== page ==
Ex­perts Ask the

Got a crafty ques­tion? Let our team of ex­perts an­swer it for you!

Papercraft Inspirations - - OCCASIONS -

Mi­das touch

Q

I’d like a gold ink to add ac­cents to my makes – es­pe­cially with splat­ters and paint ef­fects, rather than stamp­ing. The ones I’ve found tend to look brown, not gold! Can you help? Mered­ith Het­tins, Chich­ester

A A re­ally shiny gold is hard to come by, as the pig­ments of­ten don’t keep their glim­mer. Here’s an idea to try though, and as it’s not an ink pad, it will suit your mixed me­dia needs, Mered­ith. Look for Win­sor and New­ton Draw­ing Ink ‘Gold’, in a 14ml bot­tle, £3.50 from Hob­by­craft. It is de­signed for artists and cal­lig­ra­phers to use with brushes or dip pens, but it can be used for a range of tech­niques such as paint­ing back­grounds, splat­ter­ing and drip­ping, and dé­cor makes.

Card con­fu­sion

Q I’m con­fused about card sizes. What are the codes? Claire Hurst, Al­monds­bury A Codes are dif­fer­ent in the US to the UK, but here, A4, A5 and A6 are the most com­monly used, and re­late to the pa­per or card­stock size. A5 is half of A4, and then A6 is half of

A5, so as the num­ber in­creases the size de­creases. The same cor­re­spond­ing num­ber with a C is for the match­ing en­ve­lope (C4, C5,

C6 etc), ex­cept for DL, which fits a tall card. Or you can get cre­ative and make any size of card you like!

Wired and won­der­ful

Q My new die set has ar­rived all fixed to­gether with wires. I’ve never had dies like this and don’t know what to do.

Pamela Hicks, Hud­der­s­field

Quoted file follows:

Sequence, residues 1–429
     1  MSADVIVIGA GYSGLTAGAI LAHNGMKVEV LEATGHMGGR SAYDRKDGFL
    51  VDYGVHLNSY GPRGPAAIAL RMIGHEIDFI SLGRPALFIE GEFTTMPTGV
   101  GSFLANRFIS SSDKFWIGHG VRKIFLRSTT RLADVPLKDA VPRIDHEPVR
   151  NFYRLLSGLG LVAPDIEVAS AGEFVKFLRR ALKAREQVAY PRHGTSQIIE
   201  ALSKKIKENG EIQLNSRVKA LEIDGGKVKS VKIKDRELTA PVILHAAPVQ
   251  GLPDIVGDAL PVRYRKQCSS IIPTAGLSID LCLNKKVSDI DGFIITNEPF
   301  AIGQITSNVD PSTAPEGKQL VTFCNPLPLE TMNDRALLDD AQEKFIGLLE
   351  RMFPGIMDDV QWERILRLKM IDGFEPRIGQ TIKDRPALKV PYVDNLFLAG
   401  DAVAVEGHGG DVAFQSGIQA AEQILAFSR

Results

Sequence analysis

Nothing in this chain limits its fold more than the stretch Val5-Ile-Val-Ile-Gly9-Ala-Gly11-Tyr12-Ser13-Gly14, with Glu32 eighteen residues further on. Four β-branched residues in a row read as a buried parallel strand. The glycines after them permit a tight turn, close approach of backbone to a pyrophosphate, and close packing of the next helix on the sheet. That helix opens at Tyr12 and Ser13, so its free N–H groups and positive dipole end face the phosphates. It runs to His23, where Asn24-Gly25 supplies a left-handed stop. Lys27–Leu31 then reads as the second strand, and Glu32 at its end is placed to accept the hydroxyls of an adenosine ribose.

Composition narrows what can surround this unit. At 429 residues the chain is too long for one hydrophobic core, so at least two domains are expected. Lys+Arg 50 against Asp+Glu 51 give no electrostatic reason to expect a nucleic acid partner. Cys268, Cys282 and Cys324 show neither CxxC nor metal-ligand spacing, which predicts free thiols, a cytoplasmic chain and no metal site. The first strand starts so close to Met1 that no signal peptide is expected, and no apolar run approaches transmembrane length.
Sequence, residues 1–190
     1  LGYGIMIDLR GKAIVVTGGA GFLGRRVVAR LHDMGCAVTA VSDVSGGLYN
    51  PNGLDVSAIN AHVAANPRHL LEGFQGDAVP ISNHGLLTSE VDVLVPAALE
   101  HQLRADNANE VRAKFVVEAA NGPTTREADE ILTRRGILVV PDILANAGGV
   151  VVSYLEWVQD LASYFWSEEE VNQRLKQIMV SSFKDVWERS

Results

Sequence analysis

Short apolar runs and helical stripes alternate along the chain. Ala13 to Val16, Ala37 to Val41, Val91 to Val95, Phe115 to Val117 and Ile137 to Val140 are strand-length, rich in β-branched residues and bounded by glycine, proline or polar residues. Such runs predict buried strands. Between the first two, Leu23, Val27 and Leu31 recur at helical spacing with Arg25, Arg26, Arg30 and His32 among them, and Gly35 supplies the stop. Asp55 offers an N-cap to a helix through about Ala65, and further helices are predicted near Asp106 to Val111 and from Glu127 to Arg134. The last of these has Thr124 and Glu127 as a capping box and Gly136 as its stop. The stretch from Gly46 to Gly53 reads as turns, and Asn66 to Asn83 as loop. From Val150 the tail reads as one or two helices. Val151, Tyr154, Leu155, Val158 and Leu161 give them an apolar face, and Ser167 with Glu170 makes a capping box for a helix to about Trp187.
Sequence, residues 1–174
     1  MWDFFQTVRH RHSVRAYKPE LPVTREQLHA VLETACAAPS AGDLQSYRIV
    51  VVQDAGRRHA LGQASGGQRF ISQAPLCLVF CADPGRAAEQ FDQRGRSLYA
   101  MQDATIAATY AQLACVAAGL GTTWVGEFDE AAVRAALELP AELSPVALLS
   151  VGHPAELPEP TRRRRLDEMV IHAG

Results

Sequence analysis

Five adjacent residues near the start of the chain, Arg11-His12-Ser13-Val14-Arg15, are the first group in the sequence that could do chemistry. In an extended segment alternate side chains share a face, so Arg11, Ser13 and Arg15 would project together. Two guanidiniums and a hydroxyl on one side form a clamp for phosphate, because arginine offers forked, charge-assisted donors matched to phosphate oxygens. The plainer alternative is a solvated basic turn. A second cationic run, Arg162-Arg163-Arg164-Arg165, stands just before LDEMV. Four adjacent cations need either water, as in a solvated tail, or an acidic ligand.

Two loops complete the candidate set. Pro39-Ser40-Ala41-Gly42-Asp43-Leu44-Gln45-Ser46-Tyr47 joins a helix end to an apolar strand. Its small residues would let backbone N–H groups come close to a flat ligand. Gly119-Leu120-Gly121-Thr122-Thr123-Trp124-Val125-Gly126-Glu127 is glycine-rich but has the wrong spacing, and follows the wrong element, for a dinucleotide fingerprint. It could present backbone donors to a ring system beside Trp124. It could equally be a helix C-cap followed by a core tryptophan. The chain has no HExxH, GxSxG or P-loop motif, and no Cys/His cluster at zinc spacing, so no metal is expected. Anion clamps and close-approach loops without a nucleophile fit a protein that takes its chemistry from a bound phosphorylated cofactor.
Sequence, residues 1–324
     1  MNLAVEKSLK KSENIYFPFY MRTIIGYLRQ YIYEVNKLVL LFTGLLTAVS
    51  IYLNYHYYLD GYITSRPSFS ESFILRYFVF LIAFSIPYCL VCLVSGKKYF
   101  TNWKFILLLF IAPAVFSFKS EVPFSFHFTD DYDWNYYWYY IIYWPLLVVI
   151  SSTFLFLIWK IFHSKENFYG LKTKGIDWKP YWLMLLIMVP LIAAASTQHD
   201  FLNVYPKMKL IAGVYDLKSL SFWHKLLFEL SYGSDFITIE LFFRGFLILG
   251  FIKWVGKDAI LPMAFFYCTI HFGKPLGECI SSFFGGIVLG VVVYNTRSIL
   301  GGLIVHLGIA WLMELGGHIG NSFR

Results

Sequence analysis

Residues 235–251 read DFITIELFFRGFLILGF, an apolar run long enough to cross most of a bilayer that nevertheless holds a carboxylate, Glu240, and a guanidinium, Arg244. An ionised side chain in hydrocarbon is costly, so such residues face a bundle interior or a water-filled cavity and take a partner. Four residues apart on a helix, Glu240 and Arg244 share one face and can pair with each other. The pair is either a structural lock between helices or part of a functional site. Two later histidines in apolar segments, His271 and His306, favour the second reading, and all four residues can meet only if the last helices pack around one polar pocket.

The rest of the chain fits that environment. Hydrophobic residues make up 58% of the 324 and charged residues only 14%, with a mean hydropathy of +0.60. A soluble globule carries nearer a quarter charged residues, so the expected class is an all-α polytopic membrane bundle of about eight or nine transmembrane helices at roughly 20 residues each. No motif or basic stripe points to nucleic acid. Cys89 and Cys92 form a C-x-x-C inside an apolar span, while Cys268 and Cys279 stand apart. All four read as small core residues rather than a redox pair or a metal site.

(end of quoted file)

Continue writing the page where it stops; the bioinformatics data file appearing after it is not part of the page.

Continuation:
A

Many man­u­fac­tur­ers sup­ply dies in a set wired to­gether, but it’s sim­ple to sep­a­rate them so you can use one at a time, or to store them more eas­ily, Pamela. Our fave method is to snip apart the pieces with small craft pli­ers, such as those used for jew­ellery mak­ing. Snip the wires close to the edge of each die, so there isn’t a sharp wire left ex­posed that could cause in­jury or dam­age.

Foiled plans

Q I love the sheen of foil pieces on my projects. But it’s aw­ful if they get creased and look un­even – they just look messy and un­pro­fes­sional. Any tips?

Rose Tre­glass, Rom­ford

A We agree that creases and dents aren’t a good look, Rose! Once foil is creased, it’s tough to hide, ex­cept with an em­bel­lish­ment or two. Or an­other idea is to make an im­pres­sion on the foil pre­emp­tively! By em­boss­ing your foil, it’ll hide any mul­ti­tude of sins. Craft foil eas­ily takes on the pat­tern of em­boss­ing fold­ers when run through a die-cutting ma­chine. The added tex­ture will lift your de­signs, too.

Putting on the gloss

Q I like adding Glossy Ac­cents to top­pers for a shiny look. But some­times the fin­ish doesn’t look even. Help! Dianne Mew­ford, Michi­gan, USA A Ac­cent­ing like this is fun and can re­ally bring a card to life. You’re right, it can be hard to get the sleek look first time around, but the best ad­vice is to just let the layer dry thor­oughly (a good ex­cuse to make an­other card in the mean­time!) then reap­ply. In this way you can also achieve ex­tra height with your glossi­ness to help your mo­tifs leap off the page!

Wired dies are fast and easy to sep­a­rate

This bot­tle of rich shine will keep on glis­ten­ing!

Glossy Ac­cents, by Ranger, is a great strong ad­he­sive but makes su­per-shiny ef­fects, too

Miss­ing that sleek mir­ror look? Em­boss your foil to help hide any im­per­fec­tions!

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